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Mets great Tom Seaver diagnosed with dementia at 74

Associated Press
| Thursday, March 7, 2019 1:30 a.m.
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AP
National Baseball Hall of Famer Tom Seaver arrives for an induction ceremony at the Clark Sports Center in Cooperstown, N.Y. Seaver has been diagnosed with dementia and has retired from public life. The family of the 74-year-old made the announcement Thursday, March 7, 2019, through the Hall and said Seaver will continue to work in the vineyard at his home in California.
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AP
New York Mets pitcher Tom Seaver throws against the Philadelphia Phillies on April 5, 1983, at Shea Stadium in New York. Seaver has been diagnosed with dementia and has retired from public life.

NEW YORK — Hall of Fame pitcher Tom Seaver, the star of the Miracle Mets 1969 World Series championship team, has been diagnosed with dementia at age 74.

His family made the announcement Thursday through the Hall and said Seaver has retired from public life and will continue to work at Seaver Vineyards, founded by the retired player and wife Nancy in 1998 on 116 acres at Diamond Mountain in the Calistoga region of California.

Seaver has limited his public appearances in recent years. He didn’t attend the Baseball Writers’ Association of America dinner in January where members of the 1969 team were honored on the 50th anniversary of what still ranks among baseball’s most unexpected title winners.

A three-time NL Cy Young Award winner and the 1967 NL Rookie of the Year, Seaver was 311-205 with a 2.86 ERA, 3,640 strikeouts and 61 shutouts from 1967-86. A five-time 20-game winner nicknamed Tom Terrific, Seaver was elected to the Hall in 1992 with a then-record 98.94 percent of the ballots, appearing on 425 of 430. His mark was surpassed in 2016 by Ken Griffey Jr. and this year by Mariano Rivera, the first unanimous selection.

Seaver pitched for the Mets from 1967 until 1977, when he was traded to Cincinnati after a public spat with Mets chairman M. Donald Grant.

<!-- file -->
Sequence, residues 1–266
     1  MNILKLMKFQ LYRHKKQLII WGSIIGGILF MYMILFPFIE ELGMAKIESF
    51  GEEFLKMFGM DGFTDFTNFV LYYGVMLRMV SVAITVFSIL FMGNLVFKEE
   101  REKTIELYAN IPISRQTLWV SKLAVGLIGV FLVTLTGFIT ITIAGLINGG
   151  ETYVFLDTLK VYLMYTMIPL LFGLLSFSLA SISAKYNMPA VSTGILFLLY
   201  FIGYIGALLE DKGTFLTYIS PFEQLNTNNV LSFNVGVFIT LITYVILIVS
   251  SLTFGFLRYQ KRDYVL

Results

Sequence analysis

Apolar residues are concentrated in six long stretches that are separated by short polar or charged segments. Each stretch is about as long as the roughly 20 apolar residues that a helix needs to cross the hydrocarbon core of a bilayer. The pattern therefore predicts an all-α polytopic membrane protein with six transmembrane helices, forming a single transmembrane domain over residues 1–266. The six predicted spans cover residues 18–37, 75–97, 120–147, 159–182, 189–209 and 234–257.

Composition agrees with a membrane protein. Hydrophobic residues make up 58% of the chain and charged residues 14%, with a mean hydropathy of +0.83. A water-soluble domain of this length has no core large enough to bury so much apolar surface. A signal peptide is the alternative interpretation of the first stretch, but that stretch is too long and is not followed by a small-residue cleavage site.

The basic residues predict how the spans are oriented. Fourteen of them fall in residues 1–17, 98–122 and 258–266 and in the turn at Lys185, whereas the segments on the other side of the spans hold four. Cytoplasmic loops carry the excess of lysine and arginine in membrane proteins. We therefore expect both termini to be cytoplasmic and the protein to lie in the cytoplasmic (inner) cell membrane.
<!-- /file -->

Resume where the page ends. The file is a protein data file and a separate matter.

“My biggest disappointment? Leaving the Mets the first time and the difficulties I had with the same people that led up to it,” Seaver told The Associated Press ahead of his Hall induction in 1992. “But even that I look back at in a positive way now. It gave me the opportunity to work in different areas of the country.”

He pitched his only no-hitter for the Reds in June 1978 against St. Louis and was traded back to New York after the 1982 season. But Mets general manager Frank Cashen blundered by leaving Seaver unprotected, and in January 1984 Seaver was claimed by the Chicago White Sox as free agent compensation.

While pitching for the White Sox, Seaver got his 300th win at Yankee Stadium, and he did it in style with a six-hitter in a 4-1 victory. He finished his career with Boston in 1986. He was a 12-time All-Star and led the major leagues with a 25-7 record in 1969 and with a 1.76 ERA in 1971.

“From a team standpoint, winning the ‘69 world championship is something I’ll remember most,” Seaver said in 1992. “From an individual standpoint, my 300th win brought me the most joy.”

Among baseball’s worst teams from their expansion season in 1962, the Mets lost more than 100 games in five of their first six seasons and had never won more than 73 games in their first seven years. With cherished Brooklyn Dodgers star Gil Hodges as their manager, a young corps of pitchers led by Seaver, Jerry Koosman, Gary Gentry and a still-wild Nolan Ryan, and an offense that included Cleon Jones and Tommy Agee, the Mets overtook the Chicago Cubs to win the NL East with a 100-62 record.

They swept Atlanta in the first NL Championship Series to reach the World Series against highly favored Baltimore, which had gone 109-53. Seaver lost the opener 4-1 in a matchup with Mike Cuellar, then pitched a 10-inning six-hitter to win Game 4, and the Mets won the title the following afternoon.

His most memorable moment on the mound was at Shea Stadium on July 9, 1969, when he retired his first 25 batters against the Chicago Cubs. Pinch-hitter Jimmy Qualls had a one-out single to left-center in the ninth before Seaver retired Willie Smith on a foulout and Don Kessinger on a flyout.

“I had every hitter doing what I wanted,” Seaver recalled in 1992. “Afterward, my wife was in tears and I remember saying to her: ‘Hey, I pitched a one-hit shutout with 10 strikeouts. What more could I ask for?’”

Categories: Sports | MLB
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